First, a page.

No, this is not an article trashing real estate agents.  Rather, when I look back at some of the reasons why candidates don’t get the job or don’t take the job, I see behaviors that hearken back to several common themes.  Just as in buying a house, interviewing for a position involves people.  We buy from people because they raise our comfort level, inject value and trust into the process, and genuinely care enough to help us attain our goal.  Similarly, an individual is offered a position because he/she has raised the hiring executive’s comfort level, injected value and trust into the interview process, and genuinely cared enough about the opportunity to envision and articulate ways to help the organization meet its goals.

A candidate that rambles endlessly in an interview isn’t winning over anyone.  Combine that with substanceless points that have no concrete backing, or outright inappropriate comments, and you’re looking at an absolute train wreck of an interview.  Professionalism and tact never made it past the front door.  Sounds similar to that Annoying Needler real estate agent.

If a candidate, who brings the competency and background necessary to do the job, comes into the interview as the Dead Fish, it doesn’t matter how strong their credentials are.  If they don’t exude of energy and interest, they’re making it impossible for the hiring manager to get excited about them and envision their fitting in.  And God forbid it should be a client facing role!

Finally, a candidate that doesn’t tailor their background and abilities to the hiring manager’s expressed needs isn’t demonstrating the preparedness, attention to detail, or listening skills required to make a compelling case.  If a candidate dumps out every tidbit of information, including those that bear no relevance to the position or interview questions, then what does that say about the candidate’s focus or professionalism?

Of course, an interview is a two-way street.  Often times, hiring executives either forget or choose to forget that they are under the microscope as well.  If a hiring manager comes off as an Annoying Needler, Dead Fish, or a Dump ‘n’ Pray, then the candidate will likely decline any offer extended accompanied by the obligatory innocuous reason, such as accepting a position elsewhere or relocating to Kathmandu.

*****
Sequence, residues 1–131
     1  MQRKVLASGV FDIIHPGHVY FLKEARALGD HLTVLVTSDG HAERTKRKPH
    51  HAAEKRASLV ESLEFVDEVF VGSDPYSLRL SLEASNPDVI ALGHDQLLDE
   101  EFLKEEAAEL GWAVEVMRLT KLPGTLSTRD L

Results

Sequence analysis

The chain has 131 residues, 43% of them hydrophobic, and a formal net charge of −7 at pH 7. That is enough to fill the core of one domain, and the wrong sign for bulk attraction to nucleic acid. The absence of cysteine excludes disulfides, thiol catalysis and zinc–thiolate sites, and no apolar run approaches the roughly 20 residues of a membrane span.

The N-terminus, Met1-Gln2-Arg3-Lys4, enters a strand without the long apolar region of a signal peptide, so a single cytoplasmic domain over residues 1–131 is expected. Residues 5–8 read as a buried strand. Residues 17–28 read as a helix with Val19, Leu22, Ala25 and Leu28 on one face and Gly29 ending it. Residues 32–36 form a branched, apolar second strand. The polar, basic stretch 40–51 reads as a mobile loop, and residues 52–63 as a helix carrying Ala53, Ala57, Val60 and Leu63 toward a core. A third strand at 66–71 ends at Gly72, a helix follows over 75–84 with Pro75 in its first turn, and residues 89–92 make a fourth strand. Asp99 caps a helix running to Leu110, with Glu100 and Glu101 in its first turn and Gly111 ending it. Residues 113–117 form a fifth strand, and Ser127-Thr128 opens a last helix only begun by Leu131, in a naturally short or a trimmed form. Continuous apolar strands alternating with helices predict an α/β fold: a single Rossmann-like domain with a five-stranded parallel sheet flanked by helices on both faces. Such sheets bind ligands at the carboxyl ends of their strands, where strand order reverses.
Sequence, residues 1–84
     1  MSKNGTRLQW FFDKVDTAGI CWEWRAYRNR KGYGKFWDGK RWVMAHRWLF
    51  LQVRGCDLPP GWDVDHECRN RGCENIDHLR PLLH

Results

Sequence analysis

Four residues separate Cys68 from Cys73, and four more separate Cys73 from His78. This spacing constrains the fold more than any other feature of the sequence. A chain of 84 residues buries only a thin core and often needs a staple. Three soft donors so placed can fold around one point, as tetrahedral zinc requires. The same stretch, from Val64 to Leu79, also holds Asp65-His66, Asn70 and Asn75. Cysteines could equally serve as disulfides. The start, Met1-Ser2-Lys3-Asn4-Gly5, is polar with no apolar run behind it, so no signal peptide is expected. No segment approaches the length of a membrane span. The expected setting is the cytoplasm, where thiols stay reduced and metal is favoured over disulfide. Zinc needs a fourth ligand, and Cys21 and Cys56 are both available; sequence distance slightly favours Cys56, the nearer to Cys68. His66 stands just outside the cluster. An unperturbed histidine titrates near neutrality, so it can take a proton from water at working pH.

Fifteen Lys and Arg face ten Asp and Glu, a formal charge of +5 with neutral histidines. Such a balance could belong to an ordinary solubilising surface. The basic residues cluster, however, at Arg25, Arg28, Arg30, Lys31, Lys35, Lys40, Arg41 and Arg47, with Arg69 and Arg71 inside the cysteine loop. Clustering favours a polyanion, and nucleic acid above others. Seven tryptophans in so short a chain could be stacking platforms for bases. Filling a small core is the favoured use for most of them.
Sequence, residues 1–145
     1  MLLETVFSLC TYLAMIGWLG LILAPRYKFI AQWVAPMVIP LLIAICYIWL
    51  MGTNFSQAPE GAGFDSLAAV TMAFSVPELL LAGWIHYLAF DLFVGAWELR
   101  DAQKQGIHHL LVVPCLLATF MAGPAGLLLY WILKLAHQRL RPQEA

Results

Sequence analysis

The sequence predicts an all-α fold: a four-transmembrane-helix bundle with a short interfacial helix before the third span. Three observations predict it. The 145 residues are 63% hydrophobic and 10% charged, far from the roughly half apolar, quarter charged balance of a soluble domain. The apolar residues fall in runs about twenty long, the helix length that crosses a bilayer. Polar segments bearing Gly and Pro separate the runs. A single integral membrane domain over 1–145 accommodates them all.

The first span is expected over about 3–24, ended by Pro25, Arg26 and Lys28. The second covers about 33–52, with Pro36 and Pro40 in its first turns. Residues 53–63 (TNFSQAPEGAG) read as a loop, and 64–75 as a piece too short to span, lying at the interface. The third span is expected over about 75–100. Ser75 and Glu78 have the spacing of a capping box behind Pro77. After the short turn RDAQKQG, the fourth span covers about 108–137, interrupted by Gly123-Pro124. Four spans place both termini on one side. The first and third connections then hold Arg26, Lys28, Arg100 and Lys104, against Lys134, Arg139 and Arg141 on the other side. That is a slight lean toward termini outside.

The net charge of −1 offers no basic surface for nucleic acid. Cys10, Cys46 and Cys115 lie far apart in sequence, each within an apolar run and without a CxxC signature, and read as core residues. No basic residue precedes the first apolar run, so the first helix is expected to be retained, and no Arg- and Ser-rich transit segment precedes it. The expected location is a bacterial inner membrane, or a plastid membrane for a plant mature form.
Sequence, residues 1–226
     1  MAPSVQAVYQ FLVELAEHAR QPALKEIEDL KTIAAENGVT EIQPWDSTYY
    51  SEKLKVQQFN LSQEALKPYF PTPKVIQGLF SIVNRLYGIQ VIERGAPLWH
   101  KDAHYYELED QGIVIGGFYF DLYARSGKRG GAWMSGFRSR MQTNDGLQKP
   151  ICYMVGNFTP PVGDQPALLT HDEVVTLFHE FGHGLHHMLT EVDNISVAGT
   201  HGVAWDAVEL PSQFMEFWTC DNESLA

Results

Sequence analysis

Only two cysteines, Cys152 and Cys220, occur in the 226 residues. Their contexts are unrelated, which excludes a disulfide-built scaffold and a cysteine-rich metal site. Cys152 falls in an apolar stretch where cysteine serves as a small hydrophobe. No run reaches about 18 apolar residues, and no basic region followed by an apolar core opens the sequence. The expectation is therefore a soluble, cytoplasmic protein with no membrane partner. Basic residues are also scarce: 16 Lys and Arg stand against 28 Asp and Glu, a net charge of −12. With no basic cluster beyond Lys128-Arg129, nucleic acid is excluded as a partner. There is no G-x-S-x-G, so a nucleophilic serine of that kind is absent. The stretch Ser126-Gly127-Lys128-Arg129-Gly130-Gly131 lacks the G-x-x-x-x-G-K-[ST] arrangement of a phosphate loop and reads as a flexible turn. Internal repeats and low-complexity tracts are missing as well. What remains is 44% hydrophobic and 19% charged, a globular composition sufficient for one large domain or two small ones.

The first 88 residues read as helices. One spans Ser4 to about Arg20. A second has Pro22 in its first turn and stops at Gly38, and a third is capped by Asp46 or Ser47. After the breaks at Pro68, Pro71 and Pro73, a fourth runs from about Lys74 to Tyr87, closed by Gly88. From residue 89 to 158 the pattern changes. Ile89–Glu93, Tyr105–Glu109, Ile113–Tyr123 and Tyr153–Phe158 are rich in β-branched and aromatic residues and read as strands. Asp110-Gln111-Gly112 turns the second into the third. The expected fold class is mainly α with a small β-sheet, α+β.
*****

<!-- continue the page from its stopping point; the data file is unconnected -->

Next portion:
Just as with house hunting, interviewing is right up there with one of a handful of major life issues that is charged with emotions, sparking endless excitement, worries, second thoughts, and visions of succeeding in the role and working with great people.  There’s just that tiny matter of finding the combination of people that feels right – enabling all involved to truly envision a career fit.

Action Items:

1.  It’s not about houses and companies.  It’s about people and how well we interrelate.

2.  In an interview, there’s no substitute for being engaging, exuding energy, interest, and strong listening skills.  Unless you’re swinging off the chandeliers, trying too hard and being someone you’re not, these qualities will always help your cause.

3.  Hiring managers need to envision you fitting in and succeeding, both in terms of the role and culture.  Your behavior throughout the interview process will make or break that vision.  Similarly, hiring managers’ behavior throughout the interview will leave an indelible impression on the candidate, helping them decide whether or not they can and want to work for this person and their team.